27     if (i < count)

   28     {

   29       Array.Resize(ref ts, i);

   30     }

   31     return ts;

   32   }

   33 }

   34

…and here’s Chunk

    1 public class Chunk<T> : IEnumerable<T>

    2 {

    3   private readonly IEnumerable<T> _chunk;

    4

    5   public Chunk(IEnumerable<T> chunk, int first, int length)

    6   {

    7     _chunk = chunk;

    8     FirstIndex = first;

    9     Length = length;

   10   }

   11

   12   public int FirstIndex { get; private set; }

   13   public int Length { get; private set; }

   14   public int LastIndex { get { return FirstIndex + Length 1; } }

   15

   16   public IEnumerator<T> GetEnumerator()

   17   {

   18     return _chunk.GetEnumerator();

   19   }

   20

   21   IEnumerator IEnumerable.GetEnumerator()

   22   {

   23     return GetEnumerator();

   24   }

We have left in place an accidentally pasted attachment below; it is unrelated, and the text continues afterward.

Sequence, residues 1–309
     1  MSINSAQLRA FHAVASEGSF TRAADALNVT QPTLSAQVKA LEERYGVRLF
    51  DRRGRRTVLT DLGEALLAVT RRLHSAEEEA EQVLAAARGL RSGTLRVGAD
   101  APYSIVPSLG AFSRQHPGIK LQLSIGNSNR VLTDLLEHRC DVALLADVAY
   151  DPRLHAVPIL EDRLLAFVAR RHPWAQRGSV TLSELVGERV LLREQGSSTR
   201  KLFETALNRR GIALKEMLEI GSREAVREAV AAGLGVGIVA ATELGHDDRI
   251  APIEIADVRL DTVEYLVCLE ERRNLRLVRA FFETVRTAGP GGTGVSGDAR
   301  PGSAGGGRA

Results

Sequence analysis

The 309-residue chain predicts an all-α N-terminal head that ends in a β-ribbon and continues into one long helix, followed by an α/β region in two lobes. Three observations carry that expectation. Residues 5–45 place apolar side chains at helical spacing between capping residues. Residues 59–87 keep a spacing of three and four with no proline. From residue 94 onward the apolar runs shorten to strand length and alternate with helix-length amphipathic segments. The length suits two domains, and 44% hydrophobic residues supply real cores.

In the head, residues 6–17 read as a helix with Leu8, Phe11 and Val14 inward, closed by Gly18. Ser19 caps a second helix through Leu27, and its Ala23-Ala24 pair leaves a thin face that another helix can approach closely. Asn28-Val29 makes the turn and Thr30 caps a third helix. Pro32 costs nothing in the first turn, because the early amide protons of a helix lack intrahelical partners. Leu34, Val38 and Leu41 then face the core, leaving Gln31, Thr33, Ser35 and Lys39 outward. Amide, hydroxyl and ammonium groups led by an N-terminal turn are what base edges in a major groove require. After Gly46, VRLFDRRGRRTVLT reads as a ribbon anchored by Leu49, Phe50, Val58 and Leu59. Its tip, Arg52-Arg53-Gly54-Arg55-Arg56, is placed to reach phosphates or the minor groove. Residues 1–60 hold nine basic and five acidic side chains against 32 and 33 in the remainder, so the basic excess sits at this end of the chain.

25 }

.Where? .WhereNot

Ever have some code like this?

CollectionOfThings.Where(x => !ThingMeetsSomeCondition(x))

If only there were a WhereNot method, then you could use it with a method group, like so

CollectionOfThings.WhereNot(ThingMeetsSomeCondition)

So Where is your WhereNot? Here:

  public static class Extensions

  {

    public static IEnumerable<T> WhereNot<T>(this IEnumerable<T> items, Func<T, bool> predicate)

    {

      return items.Where(x => !predicate(x));

    }

  }

 

Glad that’s done.

Be afraid of params object[]… just in time for Halloween

Paste this into Linqpad:

public enum Dukes

{

Bo,

Luke,

Daisy,

UncleJesse

}